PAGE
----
breaking from the solipsism of this blog, a posting by joe myers prompted me to reflect…

he asked “I can’t help but wonder if we, those of us who participate in the postmodern conversation, are looking for ‘Woodstock.’ As we struggle for the future, will there be a defining moment that marks the beginning of the end?

We all desire for this—a place to say, “this is where it happened, this is where ‘it’ took place.” Or do we?

This “defining moment” all too often happens in the past, rarely in the present. It is only when we are telling our story, our own history, that we can adequately see those moments, events, or places for what they are. Our backwards gaze through time teaches us their true value.

And those ‘moments’ which occur in the present are generally not fully understood until the future. Adding layer after layer of meaning, time propels them, and us, significantly through our lives. The ‘love’ of a high school sweetheart expands into the ‘love’ of courtship/marriage. And this ‘love’ grows as marriage continues, and augments toward a ‘love’ encompassing children, which then reflects back and grows the ‘love’ for one’s own parents. So when is the ‘defining moment’ for the love between husband and wife? Where is the ‘moment’ without reference to all these other moments? Our forward glance through time ensures that each ‘moment’ is really more than it actually is. And again, in backward gaze the ‘love’ of a high school sweet heart is properly placed and appreciated.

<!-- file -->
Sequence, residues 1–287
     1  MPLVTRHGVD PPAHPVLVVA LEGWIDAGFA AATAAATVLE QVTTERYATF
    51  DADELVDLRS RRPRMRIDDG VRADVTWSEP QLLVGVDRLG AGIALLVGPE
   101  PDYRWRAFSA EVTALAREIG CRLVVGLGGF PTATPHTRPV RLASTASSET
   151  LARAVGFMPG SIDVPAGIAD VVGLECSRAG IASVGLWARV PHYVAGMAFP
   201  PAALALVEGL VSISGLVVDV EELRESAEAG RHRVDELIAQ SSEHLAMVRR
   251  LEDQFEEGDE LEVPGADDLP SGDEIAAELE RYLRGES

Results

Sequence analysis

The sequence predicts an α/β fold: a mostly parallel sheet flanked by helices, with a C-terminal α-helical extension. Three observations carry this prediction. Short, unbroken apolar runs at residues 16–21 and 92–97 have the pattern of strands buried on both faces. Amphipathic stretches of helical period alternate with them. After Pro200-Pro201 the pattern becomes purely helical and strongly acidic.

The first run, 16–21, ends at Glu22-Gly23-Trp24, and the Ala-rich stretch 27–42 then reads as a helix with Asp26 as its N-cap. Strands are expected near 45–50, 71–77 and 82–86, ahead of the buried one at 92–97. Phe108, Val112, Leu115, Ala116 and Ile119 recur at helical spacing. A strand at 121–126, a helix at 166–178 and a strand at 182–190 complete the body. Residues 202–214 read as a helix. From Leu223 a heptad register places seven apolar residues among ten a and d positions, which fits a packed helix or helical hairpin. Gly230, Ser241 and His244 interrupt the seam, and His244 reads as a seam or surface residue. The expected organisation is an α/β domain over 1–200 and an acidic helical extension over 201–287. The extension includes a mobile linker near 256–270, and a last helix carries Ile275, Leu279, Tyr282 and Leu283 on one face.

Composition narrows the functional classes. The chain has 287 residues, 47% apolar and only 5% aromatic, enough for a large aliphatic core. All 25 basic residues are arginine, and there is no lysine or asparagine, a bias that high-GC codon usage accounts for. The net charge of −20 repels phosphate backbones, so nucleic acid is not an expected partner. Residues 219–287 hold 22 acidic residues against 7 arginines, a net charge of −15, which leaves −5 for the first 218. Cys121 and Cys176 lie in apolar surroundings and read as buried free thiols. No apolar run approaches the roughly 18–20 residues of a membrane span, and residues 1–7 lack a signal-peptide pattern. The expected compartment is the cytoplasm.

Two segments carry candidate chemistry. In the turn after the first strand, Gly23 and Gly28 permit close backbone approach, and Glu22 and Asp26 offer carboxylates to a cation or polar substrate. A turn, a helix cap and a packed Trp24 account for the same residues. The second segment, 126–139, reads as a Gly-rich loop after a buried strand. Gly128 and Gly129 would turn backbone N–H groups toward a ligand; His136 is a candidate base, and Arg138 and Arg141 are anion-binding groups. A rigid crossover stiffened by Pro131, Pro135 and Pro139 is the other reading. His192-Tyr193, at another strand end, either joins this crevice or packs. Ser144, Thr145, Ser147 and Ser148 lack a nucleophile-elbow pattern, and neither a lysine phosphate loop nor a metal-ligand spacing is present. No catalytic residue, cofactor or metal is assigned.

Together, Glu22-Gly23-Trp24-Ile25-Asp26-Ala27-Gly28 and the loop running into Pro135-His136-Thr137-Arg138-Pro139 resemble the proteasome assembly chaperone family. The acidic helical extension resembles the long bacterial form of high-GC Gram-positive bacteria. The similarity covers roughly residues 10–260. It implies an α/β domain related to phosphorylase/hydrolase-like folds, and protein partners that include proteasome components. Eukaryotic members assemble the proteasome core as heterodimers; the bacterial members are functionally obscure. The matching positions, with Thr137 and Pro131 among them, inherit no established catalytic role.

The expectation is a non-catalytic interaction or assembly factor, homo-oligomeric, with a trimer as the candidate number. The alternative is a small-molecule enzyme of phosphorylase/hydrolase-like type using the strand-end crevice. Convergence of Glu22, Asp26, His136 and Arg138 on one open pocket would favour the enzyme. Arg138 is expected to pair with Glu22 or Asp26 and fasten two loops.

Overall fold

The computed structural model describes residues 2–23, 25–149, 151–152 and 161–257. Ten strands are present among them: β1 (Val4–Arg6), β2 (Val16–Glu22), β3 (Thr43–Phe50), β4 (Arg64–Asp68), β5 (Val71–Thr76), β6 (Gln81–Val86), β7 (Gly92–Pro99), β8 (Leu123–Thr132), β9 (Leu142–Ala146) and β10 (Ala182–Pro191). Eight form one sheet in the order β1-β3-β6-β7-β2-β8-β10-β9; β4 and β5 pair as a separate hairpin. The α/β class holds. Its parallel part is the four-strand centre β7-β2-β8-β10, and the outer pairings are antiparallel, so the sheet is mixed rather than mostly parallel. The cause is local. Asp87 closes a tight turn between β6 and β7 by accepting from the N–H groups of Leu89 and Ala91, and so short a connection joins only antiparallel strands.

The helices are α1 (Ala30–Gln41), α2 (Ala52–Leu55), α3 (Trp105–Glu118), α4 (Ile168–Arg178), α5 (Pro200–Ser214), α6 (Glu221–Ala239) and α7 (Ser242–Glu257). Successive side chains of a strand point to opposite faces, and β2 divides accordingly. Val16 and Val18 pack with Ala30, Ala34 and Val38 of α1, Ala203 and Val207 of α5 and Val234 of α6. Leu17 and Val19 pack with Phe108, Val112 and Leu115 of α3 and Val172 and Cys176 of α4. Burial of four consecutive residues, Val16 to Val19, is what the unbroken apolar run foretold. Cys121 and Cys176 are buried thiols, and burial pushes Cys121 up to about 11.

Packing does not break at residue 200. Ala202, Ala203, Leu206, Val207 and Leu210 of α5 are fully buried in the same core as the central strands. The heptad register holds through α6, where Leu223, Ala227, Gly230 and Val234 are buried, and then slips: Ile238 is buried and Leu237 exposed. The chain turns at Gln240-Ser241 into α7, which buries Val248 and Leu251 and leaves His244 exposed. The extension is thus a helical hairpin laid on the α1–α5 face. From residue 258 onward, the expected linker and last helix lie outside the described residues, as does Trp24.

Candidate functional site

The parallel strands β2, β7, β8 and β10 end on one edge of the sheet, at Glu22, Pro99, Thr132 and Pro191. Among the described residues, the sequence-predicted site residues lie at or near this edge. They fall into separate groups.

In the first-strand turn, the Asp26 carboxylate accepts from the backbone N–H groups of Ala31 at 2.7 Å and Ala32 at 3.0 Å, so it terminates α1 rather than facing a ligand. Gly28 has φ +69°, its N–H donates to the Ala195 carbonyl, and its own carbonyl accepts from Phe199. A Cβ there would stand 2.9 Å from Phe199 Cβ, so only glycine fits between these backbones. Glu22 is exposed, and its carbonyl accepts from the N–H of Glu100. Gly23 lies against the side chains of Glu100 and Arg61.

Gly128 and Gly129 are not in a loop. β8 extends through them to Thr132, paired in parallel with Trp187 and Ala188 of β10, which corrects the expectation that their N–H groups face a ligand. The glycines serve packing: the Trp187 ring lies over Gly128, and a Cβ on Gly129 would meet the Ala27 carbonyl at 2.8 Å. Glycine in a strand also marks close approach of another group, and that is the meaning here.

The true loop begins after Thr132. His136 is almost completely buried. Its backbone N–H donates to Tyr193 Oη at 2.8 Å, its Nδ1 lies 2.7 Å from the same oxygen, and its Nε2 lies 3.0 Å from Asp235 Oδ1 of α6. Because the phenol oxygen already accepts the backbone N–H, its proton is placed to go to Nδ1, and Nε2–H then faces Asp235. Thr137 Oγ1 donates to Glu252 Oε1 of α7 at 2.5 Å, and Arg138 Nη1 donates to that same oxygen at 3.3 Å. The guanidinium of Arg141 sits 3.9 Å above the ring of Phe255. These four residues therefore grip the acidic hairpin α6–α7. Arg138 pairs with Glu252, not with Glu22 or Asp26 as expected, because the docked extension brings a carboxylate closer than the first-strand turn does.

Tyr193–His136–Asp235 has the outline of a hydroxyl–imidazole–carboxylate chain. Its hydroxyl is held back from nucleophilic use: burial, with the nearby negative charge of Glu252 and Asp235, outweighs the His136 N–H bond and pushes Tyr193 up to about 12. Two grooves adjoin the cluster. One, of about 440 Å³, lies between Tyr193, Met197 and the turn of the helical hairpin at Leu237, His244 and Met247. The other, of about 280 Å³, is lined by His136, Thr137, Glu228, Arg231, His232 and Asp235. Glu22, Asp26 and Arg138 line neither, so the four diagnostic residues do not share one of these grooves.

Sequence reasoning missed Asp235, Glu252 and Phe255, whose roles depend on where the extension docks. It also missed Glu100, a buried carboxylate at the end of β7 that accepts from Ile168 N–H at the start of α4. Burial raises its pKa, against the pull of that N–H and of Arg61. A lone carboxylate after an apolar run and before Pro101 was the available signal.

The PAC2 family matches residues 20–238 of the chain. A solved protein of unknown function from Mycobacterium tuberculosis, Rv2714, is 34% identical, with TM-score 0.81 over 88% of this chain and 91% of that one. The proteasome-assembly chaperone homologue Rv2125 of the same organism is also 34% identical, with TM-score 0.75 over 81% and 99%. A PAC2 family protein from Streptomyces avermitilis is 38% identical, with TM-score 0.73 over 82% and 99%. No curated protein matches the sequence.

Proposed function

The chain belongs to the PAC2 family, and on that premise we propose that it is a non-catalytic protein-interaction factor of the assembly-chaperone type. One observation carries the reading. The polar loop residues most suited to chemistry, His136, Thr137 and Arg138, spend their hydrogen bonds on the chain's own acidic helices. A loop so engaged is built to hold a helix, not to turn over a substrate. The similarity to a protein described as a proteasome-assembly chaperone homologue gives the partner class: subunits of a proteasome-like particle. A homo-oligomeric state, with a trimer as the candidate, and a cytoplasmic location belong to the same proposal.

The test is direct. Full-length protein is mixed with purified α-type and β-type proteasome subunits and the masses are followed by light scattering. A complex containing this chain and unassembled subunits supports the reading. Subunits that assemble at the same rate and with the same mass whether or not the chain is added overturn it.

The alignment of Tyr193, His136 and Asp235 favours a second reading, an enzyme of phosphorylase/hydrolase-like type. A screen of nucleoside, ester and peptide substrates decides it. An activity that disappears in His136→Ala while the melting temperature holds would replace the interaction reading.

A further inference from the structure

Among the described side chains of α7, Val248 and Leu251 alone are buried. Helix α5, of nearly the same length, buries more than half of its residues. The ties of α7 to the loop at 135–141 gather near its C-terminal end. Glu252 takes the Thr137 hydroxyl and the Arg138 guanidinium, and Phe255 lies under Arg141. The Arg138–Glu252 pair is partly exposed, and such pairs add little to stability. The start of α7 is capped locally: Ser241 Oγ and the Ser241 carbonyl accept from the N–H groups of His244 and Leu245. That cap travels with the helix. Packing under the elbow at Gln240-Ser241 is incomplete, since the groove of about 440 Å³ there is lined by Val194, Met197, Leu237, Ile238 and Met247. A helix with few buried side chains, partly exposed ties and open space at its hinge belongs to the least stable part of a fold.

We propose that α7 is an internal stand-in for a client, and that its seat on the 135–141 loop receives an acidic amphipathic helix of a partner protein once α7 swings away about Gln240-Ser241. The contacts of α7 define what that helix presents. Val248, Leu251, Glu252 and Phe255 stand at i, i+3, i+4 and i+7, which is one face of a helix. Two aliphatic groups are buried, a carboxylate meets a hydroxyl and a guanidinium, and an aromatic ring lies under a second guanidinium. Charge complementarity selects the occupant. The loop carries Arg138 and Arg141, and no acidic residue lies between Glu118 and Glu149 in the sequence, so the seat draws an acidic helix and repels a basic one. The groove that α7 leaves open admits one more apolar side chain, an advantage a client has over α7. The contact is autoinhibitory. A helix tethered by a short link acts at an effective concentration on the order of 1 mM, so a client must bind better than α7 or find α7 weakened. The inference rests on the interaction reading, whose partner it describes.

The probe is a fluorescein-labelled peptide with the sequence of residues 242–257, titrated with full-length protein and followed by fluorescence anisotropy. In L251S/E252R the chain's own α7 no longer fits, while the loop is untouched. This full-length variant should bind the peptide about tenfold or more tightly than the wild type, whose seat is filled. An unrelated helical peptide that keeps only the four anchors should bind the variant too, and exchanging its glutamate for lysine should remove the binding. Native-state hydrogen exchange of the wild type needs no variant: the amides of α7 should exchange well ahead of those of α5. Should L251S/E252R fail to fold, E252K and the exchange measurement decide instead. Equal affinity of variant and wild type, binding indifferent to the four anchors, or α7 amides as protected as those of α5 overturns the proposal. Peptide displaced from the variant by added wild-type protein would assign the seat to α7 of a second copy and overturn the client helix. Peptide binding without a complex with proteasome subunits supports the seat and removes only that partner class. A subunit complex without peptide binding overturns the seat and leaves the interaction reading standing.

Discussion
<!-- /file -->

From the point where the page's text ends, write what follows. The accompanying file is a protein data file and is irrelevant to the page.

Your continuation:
And isn’t the hope for such a “moment” a longing for certainty and stability, a longing we have cast off as postmoderns? The stabilizing moment, the clearing in the forest, where everything is revealed, and our course/direction is verified. Isn’t this navigating by modern apparatuses? Are we hoping for a collection of moments by which our ‘progress’ can be judged? When does one age end and another begin? For “one does not leave the epoch whose closure one can outline. The movements of belonging or not belonging to the epoch are too subtle, the illusions in that regard are too easy, for us to make a definite judgment”(Derrida of grammatology p.12).

So what is our ‘time’? What is our ‘moment’?

Should we look any farther than the birth of Christ (the Incarnation), or his death and resurrection? Are these events in the past not definitive enough to shape our present?

Should we look any farther than the future Coming of Christ (the Consumation/Recreation)? Is this event not enough to gather all our present ‘moments’ into itself, preparing them all for a final revelation?

So no, in the midst of our postmodern conversation, there will never be a defining moment, we have already been given ‘moments’ enough to navigate by. Time (the collection of moments) has been invaded by Eternity (the Moment) and that is enough.

(but of course, we will continue having “definitive” experiences/moments/event in our lives as Jesus draws us into His Moment, and let him be praised for it. but let’s not hope for them too much)

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